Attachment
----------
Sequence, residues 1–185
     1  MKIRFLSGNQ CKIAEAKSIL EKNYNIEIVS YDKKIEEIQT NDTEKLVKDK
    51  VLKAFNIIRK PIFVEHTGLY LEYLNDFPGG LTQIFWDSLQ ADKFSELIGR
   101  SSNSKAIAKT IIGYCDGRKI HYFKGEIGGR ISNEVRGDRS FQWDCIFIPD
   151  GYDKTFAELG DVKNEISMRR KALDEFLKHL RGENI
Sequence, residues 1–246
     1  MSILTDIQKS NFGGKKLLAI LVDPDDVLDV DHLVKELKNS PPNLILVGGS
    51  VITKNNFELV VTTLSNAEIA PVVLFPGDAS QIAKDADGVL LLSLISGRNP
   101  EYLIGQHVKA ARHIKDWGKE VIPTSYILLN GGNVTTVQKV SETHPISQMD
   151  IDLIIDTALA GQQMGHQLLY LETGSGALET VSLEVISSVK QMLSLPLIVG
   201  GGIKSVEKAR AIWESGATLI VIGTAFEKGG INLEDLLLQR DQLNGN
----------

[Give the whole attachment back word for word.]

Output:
Sequence, residues 1–185
     1  MKIRFLSGNQ CKIAEAKSIL EKNYNIEIVS YDKKIEEIQT NDTEKLVKDK
    51  VLKAFNIIRK PIFVEHTGLY LEYLNDFPGG LTQIFWDSLQ ADKFSELIGR
   101  SSNSKAIAKT IIGYCDGRKI HYFKGEIGGR ISNEVRGDRS FQWDCIFIPD
   151  GYDKTFAELG DVKNEISMRR KALDEFLKHL RGENI
Sequence, residues 1–246
     1  MSILTDIQKS NFGGKKLLAI LVDPDDVLDV DHLVKELKNS PPNLILVGGS
    51  VITKNNFELV VTTLSNAEIA PVVLFPGDAS QIAKDADGVL LLSLISGRNP
   101  EYLIGQHVKA ARHIKDWGKE VIPTSYILLN GGNVTTVQKV SETHPISQMD
   151  IDLIIDTALA GQQMGHQLLY LETGSGALET VSLEVISSVK QMLSLPLIVG
   201  GGIKSVEKAR AIWESGATLI VIGTAFEKGG INLEDLLLQR DQLNGN